“It’s going to take a long time to build that housing, and folks shouldn’t be hassled and swept around the city as that gets built,” Trujillo says.
In Washington, D.C., the Washington Legal Clinic for the Homeless has often found itself at odds with local officials over individual cases involving homeless people and broader policy objectives, says staff attorney Amber Harding. Since the pandemic began, the city’s Department of Human Services has been more transparent and collaborative with the Clinic, she says. That’s been helpful in getting support and temporary housing for people experiencing homelessness, but also somewhat of an adjustment for a group that’s accustomed to having an adversarial relationship with the city, she says.
The Clinic published a blog post outlining the steps the city has taken so far to address health vulnerabilities in homeless communities, from providing handwashing stations to providing hotel rooms for some individuals. It also includes recommendations for the city to provide portable bathrooms near encampments, and allow families to self-certify their eligibility for emergency shelter. Harding says she’s spent a lot of time over the last year trying to get the city to provide individual housing for people in shelters with critical health problems, only to be told it wasn’t possible. Now, the District has reportedly begun using hotel rooms to house people who have been infected or exposed to the virus. Harding, like other advocates, says the pandemic has activated a sense of urgency to protect the health of unhoused people that cities should maintain even after the pandemic ends.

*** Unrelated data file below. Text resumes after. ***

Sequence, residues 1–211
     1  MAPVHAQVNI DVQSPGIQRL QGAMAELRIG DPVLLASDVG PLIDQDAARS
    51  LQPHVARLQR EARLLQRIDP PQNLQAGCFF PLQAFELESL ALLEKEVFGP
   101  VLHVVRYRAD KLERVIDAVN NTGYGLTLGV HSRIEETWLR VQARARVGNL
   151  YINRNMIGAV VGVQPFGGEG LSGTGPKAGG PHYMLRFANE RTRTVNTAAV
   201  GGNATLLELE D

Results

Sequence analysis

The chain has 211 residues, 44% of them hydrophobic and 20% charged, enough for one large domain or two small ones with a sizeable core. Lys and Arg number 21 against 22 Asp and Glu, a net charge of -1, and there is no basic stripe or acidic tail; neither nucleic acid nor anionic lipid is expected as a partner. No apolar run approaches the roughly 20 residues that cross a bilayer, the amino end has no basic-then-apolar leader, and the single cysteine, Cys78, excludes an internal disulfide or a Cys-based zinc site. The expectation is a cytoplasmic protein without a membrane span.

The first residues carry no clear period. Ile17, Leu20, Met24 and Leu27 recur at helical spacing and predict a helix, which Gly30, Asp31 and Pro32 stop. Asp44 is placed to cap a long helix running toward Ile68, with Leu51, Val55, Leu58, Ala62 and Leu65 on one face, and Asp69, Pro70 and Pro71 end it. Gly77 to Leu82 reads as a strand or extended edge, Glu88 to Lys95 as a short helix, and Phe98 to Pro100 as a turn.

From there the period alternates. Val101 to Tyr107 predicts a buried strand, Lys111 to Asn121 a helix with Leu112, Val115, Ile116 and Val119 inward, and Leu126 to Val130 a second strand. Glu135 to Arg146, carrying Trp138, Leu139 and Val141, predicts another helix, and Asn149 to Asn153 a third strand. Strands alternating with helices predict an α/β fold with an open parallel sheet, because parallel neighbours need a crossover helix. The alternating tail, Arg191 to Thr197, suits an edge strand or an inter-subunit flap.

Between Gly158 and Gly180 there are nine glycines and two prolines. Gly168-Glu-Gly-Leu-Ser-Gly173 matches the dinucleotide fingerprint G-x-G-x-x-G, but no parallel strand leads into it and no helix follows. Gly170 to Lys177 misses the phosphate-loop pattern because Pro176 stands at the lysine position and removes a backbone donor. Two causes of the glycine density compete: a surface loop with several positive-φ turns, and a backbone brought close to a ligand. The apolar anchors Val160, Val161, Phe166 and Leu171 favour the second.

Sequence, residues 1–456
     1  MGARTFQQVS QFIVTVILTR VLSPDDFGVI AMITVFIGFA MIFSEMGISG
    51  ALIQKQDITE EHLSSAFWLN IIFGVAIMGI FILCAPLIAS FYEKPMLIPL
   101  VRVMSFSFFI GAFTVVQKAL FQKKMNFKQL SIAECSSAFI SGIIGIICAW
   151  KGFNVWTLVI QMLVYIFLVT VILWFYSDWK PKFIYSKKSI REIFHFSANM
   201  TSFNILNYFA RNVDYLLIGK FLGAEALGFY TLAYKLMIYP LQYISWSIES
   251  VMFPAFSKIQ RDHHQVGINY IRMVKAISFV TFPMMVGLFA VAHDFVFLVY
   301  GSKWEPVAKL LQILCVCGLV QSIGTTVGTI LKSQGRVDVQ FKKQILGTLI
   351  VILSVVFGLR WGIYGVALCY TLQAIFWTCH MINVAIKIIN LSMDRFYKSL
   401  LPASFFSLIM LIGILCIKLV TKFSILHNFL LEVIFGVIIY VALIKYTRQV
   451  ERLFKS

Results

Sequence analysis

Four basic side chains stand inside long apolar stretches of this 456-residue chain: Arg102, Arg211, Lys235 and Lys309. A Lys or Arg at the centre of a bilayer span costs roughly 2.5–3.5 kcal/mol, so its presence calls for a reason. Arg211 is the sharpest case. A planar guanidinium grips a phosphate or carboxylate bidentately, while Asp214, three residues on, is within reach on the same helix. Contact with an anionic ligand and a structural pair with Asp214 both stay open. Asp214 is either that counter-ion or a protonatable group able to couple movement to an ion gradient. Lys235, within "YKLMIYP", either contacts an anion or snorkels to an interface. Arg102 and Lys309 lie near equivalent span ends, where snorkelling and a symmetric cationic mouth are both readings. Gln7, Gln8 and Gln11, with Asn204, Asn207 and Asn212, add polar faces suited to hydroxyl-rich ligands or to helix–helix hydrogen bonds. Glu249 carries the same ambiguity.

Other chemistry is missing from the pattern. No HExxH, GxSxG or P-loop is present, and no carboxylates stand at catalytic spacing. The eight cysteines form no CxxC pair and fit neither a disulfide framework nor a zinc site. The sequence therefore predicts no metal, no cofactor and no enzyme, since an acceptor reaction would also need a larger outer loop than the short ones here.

“I hope this is an opportunity to say that if this is unjust now, it was unjust before, and it will be unjust in the future,” Harding says.
This article is part of Backyard, a newsletter exploring scalable solutions to make housing fairer, more affordable and more environmentally sustainable. Subscribe to our twice-weekly Backyard newsletter.
Jared Brey is Next City's housing correspondent, based in Philadelphia. He is a former staff writer at Philadelphia magazine and PlanPhilly, and his work has appeared in Columbia Journalism Review, Landscape Architecture Magazine, U.S. News & World Report, Philadelphia Weekly, and other publications.